I am a little embarrassed to admit that I have never made a pot roast. Yes, that’s right. I am (almost) 37 years old. I have a husband. I have been married for six years. I have two children and one oven. I have never, ever made a pot roast. Until my favorite blogger and woman extraordinaire, Ree Drummond (also known as The Pioneer Woman) posted a recipe for the Perfect Pot Roast last week. For some reason, Ree always manages to give me the courage I need to perform what seem to be extraordinary tasks.
First things first. I needed a roasting pan. I headed to our local store and grabbed a roasting pan. (Now, this would also be your clue that I have never really roasted any meat. Please don’t tell anyone. I fear the culinary police may arrest me for negligence.) I also hit up the local grocery store for a few of the necessary recipe items. As luck would have it, I salvaged rosemary and thyme out of my herb garden just last week. They are growing happily in the window sill above my kitchen sink. I hope to keep them alive through the winter. (Insert prayers for green-thumb-window-sill-magic here, please.) This is a picture pre-roasting…
Wonderful smells wafted from my oven while the the inaugural roasting event took place. I followed Ree’s instructions and just let it be. I didn’t peek once. I also followed her lead and made mashed pototaoes to accompany the roast. Meat and potatoes man in the house? Yes, ma’am. Happy husband? Yes, ma’am.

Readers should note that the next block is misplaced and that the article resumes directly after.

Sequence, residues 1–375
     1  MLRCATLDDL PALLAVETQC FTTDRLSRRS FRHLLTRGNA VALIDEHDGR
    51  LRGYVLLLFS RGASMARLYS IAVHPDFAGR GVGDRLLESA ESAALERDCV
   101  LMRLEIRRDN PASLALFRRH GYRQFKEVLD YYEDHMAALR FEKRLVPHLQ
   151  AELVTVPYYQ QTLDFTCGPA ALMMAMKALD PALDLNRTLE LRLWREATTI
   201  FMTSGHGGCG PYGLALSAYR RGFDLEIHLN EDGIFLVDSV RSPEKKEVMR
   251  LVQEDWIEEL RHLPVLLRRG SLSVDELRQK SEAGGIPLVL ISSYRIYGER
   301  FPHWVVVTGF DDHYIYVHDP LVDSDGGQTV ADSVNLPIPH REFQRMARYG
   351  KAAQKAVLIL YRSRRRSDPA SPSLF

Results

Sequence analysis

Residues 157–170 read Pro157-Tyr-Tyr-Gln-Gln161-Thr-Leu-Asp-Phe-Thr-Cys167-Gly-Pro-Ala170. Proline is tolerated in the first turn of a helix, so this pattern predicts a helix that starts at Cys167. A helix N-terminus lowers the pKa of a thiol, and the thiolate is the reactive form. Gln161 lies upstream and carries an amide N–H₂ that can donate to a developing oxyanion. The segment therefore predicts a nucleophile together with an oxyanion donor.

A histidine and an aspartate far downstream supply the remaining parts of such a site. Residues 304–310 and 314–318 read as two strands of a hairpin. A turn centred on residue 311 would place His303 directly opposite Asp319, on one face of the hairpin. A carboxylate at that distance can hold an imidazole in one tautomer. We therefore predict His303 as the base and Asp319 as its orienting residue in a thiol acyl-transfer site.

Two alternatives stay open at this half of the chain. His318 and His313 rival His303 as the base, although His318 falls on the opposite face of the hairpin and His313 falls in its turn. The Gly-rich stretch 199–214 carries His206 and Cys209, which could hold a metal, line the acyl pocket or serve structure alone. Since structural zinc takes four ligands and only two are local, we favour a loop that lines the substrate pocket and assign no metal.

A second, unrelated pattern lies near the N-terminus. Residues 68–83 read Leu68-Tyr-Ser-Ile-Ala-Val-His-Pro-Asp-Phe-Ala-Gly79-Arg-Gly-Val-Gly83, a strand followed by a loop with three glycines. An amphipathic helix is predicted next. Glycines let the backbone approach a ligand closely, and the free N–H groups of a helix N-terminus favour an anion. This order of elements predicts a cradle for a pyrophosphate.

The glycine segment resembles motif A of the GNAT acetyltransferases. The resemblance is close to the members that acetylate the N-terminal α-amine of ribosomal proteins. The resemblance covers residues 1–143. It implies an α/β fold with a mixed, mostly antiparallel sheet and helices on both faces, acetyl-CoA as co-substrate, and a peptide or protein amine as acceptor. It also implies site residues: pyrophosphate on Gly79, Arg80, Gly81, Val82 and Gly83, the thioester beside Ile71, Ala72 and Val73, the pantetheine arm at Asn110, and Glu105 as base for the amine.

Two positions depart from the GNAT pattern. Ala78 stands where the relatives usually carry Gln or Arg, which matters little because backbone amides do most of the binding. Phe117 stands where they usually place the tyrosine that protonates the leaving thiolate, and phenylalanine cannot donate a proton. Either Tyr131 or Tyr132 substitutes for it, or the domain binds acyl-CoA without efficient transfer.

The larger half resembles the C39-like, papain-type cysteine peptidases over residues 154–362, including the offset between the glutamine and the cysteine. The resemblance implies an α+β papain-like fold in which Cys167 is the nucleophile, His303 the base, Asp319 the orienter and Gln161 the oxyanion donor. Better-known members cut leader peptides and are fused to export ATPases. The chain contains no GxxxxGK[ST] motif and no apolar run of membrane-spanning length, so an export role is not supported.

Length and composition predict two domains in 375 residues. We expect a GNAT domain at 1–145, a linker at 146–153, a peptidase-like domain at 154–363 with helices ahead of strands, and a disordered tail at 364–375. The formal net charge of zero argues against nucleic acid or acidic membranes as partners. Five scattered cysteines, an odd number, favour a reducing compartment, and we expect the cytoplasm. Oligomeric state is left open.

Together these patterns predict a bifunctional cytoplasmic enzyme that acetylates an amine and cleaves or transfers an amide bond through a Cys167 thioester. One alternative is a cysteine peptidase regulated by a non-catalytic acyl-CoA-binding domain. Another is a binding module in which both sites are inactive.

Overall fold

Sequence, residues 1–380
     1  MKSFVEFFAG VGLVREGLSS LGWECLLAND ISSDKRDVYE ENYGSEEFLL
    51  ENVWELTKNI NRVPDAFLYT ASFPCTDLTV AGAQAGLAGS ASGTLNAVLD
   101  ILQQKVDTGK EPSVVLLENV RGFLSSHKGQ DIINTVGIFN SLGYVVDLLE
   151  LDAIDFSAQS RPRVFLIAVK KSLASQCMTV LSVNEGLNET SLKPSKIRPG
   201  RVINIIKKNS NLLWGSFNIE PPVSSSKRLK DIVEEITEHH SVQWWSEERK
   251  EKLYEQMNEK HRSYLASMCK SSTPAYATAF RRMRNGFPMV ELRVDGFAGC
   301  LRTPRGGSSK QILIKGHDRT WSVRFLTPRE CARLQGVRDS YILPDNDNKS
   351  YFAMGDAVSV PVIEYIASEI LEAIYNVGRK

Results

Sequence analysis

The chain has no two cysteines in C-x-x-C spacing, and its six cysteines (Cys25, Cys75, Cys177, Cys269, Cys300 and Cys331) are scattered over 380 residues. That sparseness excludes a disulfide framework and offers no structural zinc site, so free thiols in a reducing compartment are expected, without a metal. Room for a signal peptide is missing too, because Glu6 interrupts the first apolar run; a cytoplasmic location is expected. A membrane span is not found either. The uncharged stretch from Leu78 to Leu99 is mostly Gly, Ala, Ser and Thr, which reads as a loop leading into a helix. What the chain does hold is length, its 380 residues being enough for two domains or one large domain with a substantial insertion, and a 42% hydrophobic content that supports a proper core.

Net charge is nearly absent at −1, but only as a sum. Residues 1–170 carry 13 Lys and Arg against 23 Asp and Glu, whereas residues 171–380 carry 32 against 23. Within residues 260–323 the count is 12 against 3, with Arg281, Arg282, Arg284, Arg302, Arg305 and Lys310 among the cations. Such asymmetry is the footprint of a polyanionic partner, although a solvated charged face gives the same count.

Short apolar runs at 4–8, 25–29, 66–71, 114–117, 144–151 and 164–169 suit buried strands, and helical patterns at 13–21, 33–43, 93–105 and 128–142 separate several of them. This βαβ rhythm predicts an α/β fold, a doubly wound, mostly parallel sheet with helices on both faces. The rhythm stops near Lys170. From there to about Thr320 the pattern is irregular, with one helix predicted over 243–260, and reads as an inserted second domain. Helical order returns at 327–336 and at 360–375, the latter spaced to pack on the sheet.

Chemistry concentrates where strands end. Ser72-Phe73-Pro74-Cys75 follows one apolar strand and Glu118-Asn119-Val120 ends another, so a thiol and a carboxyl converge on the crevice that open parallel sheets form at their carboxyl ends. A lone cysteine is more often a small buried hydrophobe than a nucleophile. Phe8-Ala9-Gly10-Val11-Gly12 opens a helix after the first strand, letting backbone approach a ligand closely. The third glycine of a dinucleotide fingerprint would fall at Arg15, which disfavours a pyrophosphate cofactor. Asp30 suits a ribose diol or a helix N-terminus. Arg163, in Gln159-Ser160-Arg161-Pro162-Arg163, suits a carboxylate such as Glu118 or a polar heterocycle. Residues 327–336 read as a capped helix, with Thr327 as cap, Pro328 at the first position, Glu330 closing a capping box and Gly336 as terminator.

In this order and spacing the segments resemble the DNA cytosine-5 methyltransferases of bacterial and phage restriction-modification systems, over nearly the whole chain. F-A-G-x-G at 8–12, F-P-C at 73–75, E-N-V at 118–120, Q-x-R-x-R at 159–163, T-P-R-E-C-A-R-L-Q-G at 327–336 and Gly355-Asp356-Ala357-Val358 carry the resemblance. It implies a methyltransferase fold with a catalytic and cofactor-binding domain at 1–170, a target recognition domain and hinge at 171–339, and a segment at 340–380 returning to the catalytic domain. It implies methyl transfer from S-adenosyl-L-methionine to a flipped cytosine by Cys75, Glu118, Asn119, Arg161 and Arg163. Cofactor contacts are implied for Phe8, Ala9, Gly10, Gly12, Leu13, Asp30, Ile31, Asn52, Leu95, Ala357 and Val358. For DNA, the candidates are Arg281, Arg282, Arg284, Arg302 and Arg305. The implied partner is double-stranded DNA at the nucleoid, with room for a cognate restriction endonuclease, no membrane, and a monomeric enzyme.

I am delighted to report that the meat was tender, juicy, and succulent. Everything I would hope for my pot roast to be.
Who knew? I can actually make pot roast. Good pot roast. (I don’t fear the culinary police quite as much now.)
I encourage you to give it a whirl. It makes a perfect Sunday family dinner.
Click Here for Ree’s post which contains a lot more detail, with gorgeous step-by-step photos. Enjoy!
Perfect Pot Roast
- 1 whole (4 To 5 Pounds) Chuck Roast
- 2 Tablespoons Olive Oil
- 2 whole Onions
- 6 whole Carrots (Up To 8 Carrots)
- Salt To Taste
- Pepper To Taste
- 1 cup Red Wine (optional, You Can Use Beef Broth Instead)
- 2 cups To 3 Cups Beef Stock
- 3 sprigs Fresh Thyme, or more to taste
- 3 sprigs Fresh Rosemary, or more to taste
First and foremost, choose a nicely marbled piece of meat. This will enhance the flavor of your pot roast like nothing else. Generously salt and pepper your chuck roast.
Heat a large pot or Dutch oven over medium-high heat. Then add 2 to 3 tablespoons of olive oil (or you can do a butter/olive oil split).
Cut two onions in half and cut 6 to 8 carrots into 2-inch slices (you can peel them, but you don’t have to). When the oil in the pot is very hot (but not smoking), add in the halved onions, browning them on one side and then the other. Remove the onions to a plate.
Throw the carrots into the same very hot pan and toss them around a bit until slightly browned, about a minute or so.
If needed, add a bit more olive oil to the very hot pan. Place the meat in the pan and sear it for about a minute on all sides until it is nice and brown all over. Remove the roast to a plate.
With the burner still on high, use either red wine or beef broth (about 1 cup) to deglaze the pan, scraping the bottom with a whisk to get all of that wonderful flavor up.
When the bottom of the pan is sufficiently deglazed, place the roast back into the pan and add enough beef stock to cover the meat halfway (about 2 to 3 cups). Add in the onion and the carrots, as well as 3 or 4 sprigs of fresh rosemary and about 3 sprigs of fresh thyme.
Put the lid on, then roast in a 275F oven for 3 hours (for a 3-pound roast). For a 4 to 5-pound roast, plan on 4 hours.